Chapter 1 - Fact Sheet 1

Measuring the Literacy Problem in Canada

What is literacy?

More than 23,000 Canadian adults took part in an International Adult Literacy and Skills Survey in 2003. This survey defined literacy as “the ability to use and understand information that is fundamental to daily life at work, at home, and in the community.” Statistics Canada and Human Resources Development Canada have adopted this definition.

The 2003 International Survey measured four skills:

How is literacy measured?

Everyone who took part was rated on each skill on a scale from 0 to 500 points. Their prose literacy, document literacy, and numeracy scores were then grouped into five levels of competency. (Problem solving has only four levels.)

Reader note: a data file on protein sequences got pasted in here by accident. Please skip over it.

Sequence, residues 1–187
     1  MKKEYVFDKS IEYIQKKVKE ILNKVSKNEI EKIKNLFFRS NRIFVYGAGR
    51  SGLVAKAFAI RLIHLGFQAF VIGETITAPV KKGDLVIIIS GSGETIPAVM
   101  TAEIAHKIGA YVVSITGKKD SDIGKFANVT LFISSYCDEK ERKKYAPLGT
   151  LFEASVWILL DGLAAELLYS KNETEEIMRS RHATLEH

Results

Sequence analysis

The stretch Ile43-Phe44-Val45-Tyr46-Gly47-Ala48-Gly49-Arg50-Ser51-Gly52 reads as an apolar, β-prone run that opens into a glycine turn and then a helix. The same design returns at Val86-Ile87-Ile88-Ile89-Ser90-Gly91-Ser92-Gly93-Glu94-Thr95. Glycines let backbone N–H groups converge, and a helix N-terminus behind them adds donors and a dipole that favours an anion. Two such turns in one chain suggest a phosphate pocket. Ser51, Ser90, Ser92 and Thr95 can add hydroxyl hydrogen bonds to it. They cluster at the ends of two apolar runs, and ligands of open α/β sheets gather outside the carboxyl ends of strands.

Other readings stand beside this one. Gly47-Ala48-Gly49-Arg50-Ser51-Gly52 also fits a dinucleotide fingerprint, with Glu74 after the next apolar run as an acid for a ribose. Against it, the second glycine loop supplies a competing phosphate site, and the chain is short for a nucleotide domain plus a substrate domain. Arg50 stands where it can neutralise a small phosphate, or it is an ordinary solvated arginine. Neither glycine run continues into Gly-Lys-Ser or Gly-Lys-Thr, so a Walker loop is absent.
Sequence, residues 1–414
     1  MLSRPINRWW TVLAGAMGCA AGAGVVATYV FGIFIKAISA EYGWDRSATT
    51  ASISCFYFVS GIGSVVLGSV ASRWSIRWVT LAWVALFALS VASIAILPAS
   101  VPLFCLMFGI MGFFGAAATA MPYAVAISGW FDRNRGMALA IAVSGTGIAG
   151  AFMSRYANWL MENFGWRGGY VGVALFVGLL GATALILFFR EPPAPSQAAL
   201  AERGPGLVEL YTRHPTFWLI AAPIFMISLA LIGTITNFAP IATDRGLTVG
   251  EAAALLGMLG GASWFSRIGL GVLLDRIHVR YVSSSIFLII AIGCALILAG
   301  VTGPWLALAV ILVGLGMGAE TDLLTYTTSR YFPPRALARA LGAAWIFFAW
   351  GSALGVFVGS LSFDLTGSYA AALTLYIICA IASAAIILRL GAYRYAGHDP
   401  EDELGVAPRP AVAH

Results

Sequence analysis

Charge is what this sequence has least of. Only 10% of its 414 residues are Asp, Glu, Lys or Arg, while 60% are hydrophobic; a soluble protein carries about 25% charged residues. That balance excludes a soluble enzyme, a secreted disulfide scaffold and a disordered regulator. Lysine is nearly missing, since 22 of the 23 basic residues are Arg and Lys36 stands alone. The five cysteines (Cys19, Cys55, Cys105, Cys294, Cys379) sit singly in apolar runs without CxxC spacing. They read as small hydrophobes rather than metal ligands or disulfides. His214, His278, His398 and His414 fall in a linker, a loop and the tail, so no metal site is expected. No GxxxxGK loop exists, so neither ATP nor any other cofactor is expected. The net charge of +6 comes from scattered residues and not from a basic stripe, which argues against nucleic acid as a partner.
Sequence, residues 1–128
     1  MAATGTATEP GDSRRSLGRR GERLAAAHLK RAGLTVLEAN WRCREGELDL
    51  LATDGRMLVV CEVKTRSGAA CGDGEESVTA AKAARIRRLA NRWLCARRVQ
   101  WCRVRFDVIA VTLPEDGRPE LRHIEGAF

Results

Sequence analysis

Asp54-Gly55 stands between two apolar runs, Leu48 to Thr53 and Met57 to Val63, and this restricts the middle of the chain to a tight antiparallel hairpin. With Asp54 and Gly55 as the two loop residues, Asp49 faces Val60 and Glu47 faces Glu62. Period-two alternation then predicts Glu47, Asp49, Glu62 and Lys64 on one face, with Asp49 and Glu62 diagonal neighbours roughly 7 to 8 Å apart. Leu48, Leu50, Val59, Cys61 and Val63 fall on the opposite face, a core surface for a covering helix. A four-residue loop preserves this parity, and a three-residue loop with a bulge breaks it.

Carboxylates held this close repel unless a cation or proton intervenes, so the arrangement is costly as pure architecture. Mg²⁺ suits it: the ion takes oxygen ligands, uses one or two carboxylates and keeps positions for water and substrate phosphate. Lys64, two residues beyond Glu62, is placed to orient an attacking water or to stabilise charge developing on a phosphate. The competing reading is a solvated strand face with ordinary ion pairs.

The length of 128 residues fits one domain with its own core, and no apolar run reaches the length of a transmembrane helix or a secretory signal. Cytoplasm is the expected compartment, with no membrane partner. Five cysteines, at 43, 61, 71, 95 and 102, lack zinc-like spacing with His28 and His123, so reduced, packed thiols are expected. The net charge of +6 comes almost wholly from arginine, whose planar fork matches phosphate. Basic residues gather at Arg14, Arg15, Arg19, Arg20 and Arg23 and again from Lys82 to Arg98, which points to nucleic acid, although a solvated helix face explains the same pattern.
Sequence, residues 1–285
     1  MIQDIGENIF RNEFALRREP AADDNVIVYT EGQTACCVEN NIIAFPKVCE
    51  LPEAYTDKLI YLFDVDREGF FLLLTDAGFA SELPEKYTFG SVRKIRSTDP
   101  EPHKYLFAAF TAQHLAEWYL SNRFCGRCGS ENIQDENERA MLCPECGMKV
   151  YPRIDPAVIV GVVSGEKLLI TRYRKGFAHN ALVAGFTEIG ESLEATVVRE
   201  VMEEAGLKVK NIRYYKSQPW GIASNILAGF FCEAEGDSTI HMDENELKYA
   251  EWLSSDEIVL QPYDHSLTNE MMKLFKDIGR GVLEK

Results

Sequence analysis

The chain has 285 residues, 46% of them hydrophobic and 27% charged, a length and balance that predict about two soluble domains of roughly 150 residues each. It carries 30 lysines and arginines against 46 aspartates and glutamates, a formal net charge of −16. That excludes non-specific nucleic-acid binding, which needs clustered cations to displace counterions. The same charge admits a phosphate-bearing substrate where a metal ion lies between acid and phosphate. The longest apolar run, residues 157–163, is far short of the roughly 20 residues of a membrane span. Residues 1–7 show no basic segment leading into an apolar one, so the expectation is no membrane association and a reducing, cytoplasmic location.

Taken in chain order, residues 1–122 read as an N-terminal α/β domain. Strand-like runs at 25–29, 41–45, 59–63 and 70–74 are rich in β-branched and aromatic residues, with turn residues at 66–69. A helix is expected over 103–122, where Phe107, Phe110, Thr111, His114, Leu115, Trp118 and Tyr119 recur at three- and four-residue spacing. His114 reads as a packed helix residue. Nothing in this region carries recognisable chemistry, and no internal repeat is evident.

The Government of Canada sets Level 3 as the minimum literacy that people need to cope with the increasing information demands of our society. The Conference Board of Canada believes that, in an information society, people need a score of at least 300 to be employable.

These are the five cognitive levels:
Level 1 0–225 points This is the lowest level of literacy.
Level 2 226–275 points  
Level 3 276–325 points This is the minimum level needed.
Level 4 326–375 points  
Level 5 376–500 points This is the highest level of literacy.